Make a life that is worth something.
At the funeral for my grandfather, in her grief, my grandmother found complete peace. Her life is rich in family, and compassion. Despite all her hardships, she is one of the most content women I have ever met at the age of 87.
This is where I would like to be at my end of life. Surrounded by my family, and surrounded by all the love they give me.
It’s very strange how the effects of death hit each of us uniquely. For me this experience has been enlightening. I think about the end of life that I have been exposed to, and compare it to many others that I have seen.
While most encounters with death I have experienced as a nurse with patients and their loved ones, none left me feeling the way my grandfather’s did. Yes, it may be because of the connection I had with my own family. However, I think it was because it was bitter sweet.
To me, this experience was a celebration of his life. Of his accomplishments, and of how he chose to make more than just money.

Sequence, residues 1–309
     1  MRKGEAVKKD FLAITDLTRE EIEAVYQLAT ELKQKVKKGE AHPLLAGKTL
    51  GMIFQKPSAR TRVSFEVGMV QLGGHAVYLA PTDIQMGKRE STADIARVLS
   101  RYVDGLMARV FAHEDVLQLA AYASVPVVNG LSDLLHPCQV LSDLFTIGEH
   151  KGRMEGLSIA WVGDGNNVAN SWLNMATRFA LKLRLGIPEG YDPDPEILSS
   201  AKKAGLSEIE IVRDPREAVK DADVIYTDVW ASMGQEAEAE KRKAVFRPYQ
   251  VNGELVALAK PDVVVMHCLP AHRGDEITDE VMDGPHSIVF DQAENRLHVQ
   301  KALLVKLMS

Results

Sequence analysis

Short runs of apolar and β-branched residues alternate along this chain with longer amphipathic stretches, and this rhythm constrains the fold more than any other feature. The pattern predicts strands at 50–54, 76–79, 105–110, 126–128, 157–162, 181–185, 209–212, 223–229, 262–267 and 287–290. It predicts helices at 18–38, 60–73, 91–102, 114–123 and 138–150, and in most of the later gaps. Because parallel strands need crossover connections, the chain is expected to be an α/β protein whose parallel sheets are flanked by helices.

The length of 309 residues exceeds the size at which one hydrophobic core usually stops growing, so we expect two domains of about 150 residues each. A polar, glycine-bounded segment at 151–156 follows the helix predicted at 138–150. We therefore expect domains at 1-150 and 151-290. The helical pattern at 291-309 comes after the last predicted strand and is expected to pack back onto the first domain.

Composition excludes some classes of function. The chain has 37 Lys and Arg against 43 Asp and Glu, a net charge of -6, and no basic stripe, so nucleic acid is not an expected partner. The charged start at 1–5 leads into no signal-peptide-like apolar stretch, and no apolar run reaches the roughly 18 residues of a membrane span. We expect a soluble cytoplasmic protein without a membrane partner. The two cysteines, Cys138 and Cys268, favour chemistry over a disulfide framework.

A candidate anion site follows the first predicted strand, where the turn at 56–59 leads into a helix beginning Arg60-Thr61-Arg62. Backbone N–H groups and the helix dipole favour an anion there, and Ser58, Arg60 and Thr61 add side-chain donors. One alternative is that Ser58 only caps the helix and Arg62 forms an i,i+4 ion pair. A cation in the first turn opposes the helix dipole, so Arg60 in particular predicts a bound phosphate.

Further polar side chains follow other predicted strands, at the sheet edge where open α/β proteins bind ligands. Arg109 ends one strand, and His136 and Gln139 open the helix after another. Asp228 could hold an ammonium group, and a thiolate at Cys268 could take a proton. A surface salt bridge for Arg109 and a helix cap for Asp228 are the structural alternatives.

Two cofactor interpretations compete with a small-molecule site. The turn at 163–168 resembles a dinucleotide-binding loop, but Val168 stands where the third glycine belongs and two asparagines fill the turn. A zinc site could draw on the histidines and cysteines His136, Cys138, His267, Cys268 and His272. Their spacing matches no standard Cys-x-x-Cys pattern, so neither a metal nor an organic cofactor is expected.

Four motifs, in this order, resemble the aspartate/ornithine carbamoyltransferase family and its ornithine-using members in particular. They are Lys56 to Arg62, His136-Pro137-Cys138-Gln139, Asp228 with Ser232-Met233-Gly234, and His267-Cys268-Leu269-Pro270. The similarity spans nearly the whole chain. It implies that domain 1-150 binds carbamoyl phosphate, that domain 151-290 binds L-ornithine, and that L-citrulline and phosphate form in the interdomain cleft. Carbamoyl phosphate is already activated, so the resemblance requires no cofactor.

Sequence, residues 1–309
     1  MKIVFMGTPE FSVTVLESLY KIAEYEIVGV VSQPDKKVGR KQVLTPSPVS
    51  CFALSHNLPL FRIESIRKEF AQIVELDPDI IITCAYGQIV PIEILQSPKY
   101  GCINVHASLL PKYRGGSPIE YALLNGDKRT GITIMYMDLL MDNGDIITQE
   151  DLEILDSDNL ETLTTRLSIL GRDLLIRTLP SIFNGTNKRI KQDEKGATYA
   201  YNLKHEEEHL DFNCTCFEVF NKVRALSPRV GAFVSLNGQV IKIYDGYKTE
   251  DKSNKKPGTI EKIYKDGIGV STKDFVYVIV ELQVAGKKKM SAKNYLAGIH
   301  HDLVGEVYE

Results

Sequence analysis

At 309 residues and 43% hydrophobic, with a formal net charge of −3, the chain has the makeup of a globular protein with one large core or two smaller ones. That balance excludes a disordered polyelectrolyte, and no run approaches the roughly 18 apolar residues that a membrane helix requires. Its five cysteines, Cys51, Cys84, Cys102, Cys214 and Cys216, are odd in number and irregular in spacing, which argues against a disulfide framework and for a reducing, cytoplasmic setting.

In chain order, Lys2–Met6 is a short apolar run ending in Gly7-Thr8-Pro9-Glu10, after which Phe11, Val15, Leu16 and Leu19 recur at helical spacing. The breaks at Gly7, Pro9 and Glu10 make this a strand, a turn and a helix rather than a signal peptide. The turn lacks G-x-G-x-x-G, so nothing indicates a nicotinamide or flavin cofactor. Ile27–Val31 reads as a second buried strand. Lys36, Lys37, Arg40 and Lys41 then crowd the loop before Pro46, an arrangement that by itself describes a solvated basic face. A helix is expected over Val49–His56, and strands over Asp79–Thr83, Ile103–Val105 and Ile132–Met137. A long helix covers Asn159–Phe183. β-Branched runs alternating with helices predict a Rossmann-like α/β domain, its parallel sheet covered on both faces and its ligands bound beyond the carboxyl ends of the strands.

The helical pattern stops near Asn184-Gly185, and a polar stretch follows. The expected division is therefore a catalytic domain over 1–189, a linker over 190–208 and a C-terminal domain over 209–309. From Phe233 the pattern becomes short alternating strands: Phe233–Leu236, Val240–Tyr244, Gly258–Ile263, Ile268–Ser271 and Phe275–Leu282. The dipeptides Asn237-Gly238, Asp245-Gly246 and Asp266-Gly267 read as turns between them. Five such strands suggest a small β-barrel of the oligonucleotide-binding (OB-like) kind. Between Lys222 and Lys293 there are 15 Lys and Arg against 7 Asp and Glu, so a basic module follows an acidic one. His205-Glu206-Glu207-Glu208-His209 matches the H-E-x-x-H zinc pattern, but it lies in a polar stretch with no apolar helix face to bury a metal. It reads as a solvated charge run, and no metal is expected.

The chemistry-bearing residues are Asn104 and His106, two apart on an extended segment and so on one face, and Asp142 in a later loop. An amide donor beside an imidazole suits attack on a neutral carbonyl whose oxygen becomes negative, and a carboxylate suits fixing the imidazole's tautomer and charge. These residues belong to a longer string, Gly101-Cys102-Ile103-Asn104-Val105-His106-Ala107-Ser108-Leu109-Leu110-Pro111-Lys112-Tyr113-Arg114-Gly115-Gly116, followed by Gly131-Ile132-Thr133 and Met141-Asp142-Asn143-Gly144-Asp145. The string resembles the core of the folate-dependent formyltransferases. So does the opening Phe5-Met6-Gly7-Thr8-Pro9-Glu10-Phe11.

He chose to make his life a valued one. One that is highly favored by those who, at the end, regret not spending more time with those who were important to them.
On this blog we usually discuss corporate settings and how to make strides in a highly competitive environment. At the time of my grandfather’s death, I was so focused on achieving goals and success, that I lost sight of the most important individuals in my life. This event made me sit down and find my own sanity amongst the many things that I have set out to accomplish.
Taking the time to write this for you Paco, is important. Thank you.
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Yaritza Ellison has been an nurse since 2010. She has been essential to the healing process of many and seeks to continue to do so. Her passion for mental health and self help literature has lead her to launch justyari.org, where she aspires to coach young ladies navigating through work-life balance.